‘Mikawa Yatsubusa’ Japanese maple is one of three maples purchased this winter by mail order. While I prefer to purchase more substantial trees by shopping the garden center, my obsession with Japanese maples has outstripped the varieties commonly available.

Usually, this ends well, for plants are most often forgiving of being shoehorned into tight spaces, or where the sun is not quite right. Occasionally, I’ll flub this and have to make it right a year later, but mostly plants cover for the idiots who plant them by growing into each other gracefully, and overcoming nuisances of not enough, too much sun, or whatever.

The short list that I’ve jotted down for planting this spring is not likely to be all I plant, but I don’t want to forget something, only to think of it in August and there are no more to be had. Despite a lack of space for anything larger than a small shrub, I’ve already ordered by mail and received several unusual Japanese maples and three small trees. The plan is for these to be planted in containers, to rest on patios until they someday grow large enough to be moved into the garden. That is, if a spot has opened up, and if not, the trees might grow old in a pot on the patio.

‘Carol Mackie’ daphne has wonderfully fragrant spring blooms, but also attractive foliage. Long flowering ‘Eternal Fragrance’ and ‘Summer Ice’ are splendid shrubs that have convinced me to expand my daphne collection.

So, there’s no need to discuss trees further, but there are a few shrubs that I have a hankering for. In recent years, I’ve planted handfuls of hybrid daphnes, which have flowered from spring into autumn, and so far they haven’t been finicky, or at least not much. I suspect a ‘Carol Mackie’ (Daphne × burkwoodii ‘Carol Mackie’, above), that’s been around for ten years or more might be getting a bit too shaded, or perhaps competition from a slowly spreading sweetbox (Sarcococca hookeriana var. humilis, below) might be causing it to decline a bit. Just in case, another ‘Carol Mackie’ is on the spring list, to be planted in a slightly sunnier spot without an encroaching neighbor. I’m not sure where, but certainly a spot can be found somewhere in this acre garden.

A grouping of sweetbox has spread slowly in the nook between a small creek and stone path. This spring, I’ll be planting several ‘Fragrant Valley’ sweetbox that are likely to be indistinguishable, but this has become one of the sturdy mainstays to cover shady ground.

If another, or any of a few other daphnes can be found, these will surely be added. I’ve failed a few times with the dwarfish, and apparently very particular Rock daphne, so that one’s out, but any other is a sure thing. And, there’s a new nandina with variegated leaves (Nandina domestica ‘Twilight’) that’s suggested as best in partial shade, which I have bunches of. I don’t expect there will be many of these around, but I only need a few, maybe several, or five. There’s also a curly leafed leucothoe (Leucothoe axillaris ‘Curly Red’) I have my eye on, and a variegated leaf andromeda (Pieris japonica ‘Flaming Silver’, below) to replace one that’s been too shaded for too long. It’s a lacebug magnet, as many andromedas are, but I can’t resist.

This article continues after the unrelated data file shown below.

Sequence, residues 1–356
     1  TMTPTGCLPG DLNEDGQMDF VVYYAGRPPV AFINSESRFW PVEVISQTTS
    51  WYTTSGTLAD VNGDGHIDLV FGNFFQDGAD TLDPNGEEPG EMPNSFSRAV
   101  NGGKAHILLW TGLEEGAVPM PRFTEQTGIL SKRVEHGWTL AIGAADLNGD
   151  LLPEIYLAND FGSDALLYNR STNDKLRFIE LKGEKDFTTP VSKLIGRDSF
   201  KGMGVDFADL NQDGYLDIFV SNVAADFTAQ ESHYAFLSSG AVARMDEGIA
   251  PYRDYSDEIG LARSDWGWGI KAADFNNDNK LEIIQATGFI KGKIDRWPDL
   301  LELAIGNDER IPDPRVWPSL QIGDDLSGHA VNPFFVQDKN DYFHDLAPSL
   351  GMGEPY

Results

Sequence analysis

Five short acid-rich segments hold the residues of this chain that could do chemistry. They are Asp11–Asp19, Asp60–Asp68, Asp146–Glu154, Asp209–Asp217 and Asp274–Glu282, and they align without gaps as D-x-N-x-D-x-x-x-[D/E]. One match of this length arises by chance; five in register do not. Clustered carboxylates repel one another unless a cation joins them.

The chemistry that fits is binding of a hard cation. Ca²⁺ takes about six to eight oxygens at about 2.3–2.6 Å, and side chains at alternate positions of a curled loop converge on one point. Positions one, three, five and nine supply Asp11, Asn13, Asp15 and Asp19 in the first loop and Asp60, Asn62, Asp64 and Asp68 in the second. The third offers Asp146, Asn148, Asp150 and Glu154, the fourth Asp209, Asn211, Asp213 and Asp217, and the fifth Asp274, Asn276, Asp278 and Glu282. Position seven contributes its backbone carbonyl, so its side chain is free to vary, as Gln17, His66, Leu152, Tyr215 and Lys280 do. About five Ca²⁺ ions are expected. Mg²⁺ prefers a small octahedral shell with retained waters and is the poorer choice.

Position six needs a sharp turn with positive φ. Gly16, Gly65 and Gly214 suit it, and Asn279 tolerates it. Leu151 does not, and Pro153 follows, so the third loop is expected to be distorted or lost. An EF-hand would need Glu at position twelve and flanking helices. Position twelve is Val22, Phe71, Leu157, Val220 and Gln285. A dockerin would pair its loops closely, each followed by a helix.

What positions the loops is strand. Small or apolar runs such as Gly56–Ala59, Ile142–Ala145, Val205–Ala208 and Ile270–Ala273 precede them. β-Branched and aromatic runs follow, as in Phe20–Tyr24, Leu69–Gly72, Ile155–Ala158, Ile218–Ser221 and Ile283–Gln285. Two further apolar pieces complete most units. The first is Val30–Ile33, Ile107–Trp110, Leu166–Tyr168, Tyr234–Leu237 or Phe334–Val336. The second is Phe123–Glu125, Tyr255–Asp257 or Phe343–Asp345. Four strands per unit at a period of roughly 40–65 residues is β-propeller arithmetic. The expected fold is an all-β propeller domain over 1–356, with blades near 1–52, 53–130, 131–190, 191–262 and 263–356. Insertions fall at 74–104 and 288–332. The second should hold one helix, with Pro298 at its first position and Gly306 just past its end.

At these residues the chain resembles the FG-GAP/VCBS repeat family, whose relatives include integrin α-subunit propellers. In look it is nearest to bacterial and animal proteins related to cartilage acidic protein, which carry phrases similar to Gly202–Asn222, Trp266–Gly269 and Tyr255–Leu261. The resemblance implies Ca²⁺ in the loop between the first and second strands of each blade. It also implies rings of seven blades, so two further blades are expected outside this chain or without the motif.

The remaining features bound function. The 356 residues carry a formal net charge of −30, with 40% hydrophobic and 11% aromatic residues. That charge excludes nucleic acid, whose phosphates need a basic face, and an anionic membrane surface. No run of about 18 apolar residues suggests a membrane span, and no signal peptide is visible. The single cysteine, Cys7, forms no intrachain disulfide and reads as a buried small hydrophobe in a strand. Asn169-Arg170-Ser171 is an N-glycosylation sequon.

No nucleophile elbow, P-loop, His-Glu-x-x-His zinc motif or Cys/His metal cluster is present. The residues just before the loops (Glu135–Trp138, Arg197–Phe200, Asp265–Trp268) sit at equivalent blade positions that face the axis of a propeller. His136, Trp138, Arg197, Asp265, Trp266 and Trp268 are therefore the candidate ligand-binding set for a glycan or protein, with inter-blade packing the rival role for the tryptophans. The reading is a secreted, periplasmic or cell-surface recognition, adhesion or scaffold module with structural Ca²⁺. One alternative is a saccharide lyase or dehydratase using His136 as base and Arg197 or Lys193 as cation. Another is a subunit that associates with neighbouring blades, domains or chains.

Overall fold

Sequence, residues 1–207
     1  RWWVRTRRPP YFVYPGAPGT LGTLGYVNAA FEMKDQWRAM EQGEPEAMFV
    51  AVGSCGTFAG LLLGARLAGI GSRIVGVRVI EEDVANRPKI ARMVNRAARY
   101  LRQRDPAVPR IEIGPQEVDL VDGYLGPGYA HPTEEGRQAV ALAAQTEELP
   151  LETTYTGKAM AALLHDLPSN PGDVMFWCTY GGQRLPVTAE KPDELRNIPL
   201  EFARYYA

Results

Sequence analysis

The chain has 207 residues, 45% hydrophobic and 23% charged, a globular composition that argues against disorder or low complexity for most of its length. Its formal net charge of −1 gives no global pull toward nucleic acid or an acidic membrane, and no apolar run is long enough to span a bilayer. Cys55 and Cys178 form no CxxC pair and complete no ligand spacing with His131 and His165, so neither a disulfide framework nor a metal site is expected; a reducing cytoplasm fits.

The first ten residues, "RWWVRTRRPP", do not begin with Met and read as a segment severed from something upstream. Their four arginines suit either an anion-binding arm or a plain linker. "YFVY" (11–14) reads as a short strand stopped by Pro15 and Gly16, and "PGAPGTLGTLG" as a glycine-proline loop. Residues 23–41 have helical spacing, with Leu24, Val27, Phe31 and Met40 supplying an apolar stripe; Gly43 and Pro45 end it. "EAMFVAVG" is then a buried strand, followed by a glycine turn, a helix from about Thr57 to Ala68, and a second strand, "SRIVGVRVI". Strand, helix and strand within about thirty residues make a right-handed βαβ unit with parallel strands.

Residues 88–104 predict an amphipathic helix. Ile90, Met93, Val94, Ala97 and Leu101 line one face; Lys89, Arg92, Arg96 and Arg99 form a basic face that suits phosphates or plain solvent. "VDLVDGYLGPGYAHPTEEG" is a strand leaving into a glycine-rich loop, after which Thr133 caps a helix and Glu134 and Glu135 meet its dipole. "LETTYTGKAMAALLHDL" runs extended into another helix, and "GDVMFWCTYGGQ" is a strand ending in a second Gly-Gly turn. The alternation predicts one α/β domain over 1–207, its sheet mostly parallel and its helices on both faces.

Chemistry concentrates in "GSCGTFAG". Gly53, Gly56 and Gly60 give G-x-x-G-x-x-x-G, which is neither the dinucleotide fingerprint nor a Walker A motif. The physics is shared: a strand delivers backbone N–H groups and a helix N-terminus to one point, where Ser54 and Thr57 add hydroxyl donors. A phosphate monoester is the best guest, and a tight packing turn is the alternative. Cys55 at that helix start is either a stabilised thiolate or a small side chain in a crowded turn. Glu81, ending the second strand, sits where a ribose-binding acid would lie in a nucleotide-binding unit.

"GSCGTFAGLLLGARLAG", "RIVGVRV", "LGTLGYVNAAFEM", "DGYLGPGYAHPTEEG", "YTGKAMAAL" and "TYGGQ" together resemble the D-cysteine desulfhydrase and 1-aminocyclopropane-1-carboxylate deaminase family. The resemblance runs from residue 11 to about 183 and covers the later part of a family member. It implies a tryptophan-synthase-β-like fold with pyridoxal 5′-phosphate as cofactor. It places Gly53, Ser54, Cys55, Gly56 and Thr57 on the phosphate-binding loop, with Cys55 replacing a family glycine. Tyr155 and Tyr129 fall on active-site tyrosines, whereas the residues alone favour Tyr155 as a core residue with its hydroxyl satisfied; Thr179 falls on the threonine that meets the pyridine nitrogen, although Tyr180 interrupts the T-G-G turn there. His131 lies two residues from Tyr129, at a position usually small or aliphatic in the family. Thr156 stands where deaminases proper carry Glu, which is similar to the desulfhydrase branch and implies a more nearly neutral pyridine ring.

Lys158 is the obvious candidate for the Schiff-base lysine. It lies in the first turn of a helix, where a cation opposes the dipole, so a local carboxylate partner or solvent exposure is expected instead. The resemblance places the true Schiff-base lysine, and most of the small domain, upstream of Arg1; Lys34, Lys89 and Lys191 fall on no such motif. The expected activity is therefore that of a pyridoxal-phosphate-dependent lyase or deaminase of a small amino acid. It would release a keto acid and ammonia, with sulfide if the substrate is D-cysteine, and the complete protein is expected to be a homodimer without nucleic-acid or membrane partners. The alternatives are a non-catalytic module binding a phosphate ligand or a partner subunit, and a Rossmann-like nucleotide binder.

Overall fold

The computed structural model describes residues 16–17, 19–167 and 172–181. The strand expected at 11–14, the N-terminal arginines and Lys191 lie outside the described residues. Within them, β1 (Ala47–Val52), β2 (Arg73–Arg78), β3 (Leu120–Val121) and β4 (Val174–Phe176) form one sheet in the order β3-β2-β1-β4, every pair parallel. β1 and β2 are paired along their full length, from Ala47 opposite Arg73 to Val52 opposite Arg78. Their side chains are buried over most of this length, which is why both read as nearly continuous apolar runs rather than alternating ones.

‘Flaming Silver’ pieris is wonderful in bloom and in leaf. It’s red new growth is a lovely contrast to the variegated foliage. Color is enhanced with more sun, and ones already in the garden have become too heavily shaded.

And, oh yes, before I wrap this up, I’ve moaned and groaned in recent years that the Winterberry hollies have no berries, and somewhere over the past decade the male pollinator disappeared. There’s no purpose in growing the deciduous hollies without berries, but since they berry in autumn and I’m buying in spring, I’ve forgotten for far too long. Now, it’s in writing, and there’s a chance I’ll remember when I’m in the garden center. If I’m not distracted.

 

A chilly week in March

Following a chilly week in March when temperatures regularly dropped into the teens, damage to flowers and emerging leaves was expected. The gardener’s question was, how much damage, and would injury to new leaves do harm as a late freeze stunted mophead hydrangea growth a year ago?

Flowers of Winter’s Star camellia were at their peak a week ago. Now (below), all are a golden brown, but with more pink buds opening.

The answer remains unclear as temperatures begin to turn warmer, with pink flowers on camellias beginning to open alongside ones that turned golden brown (above) earlier in the week. The loss of blooms of magnolias and camellias was anticipated, but damage to flowers of spireas (Spirea thunbergii ‘Ogon’, below) was somewhat surprising, though there was little history of such warm temperatures followed by freezes to go by. Injury to flowers of local weeping cherry varieties has been seen, and to the numerous flowering pears in the neighborhood and along fence rows of old farms where birds have deposited seeds for years.

Flowers of Ogon spirea a week ago, and after several nights when temperatures dropped into the teens (below). Emerging leaves of this yellow leafed spirea were not damaged.

Flowers of hellebores, mahonias, paperbushes, and the last of ‘Arnold Promise’ witch hazel survived intact, while blooms of Winter daphne were lost. The few stray flowers of ‘Summer Ice’ and ‘Eternal Fragrance’ daphnes were unharmed, with plump buds that should begin to bloom after a few mild days.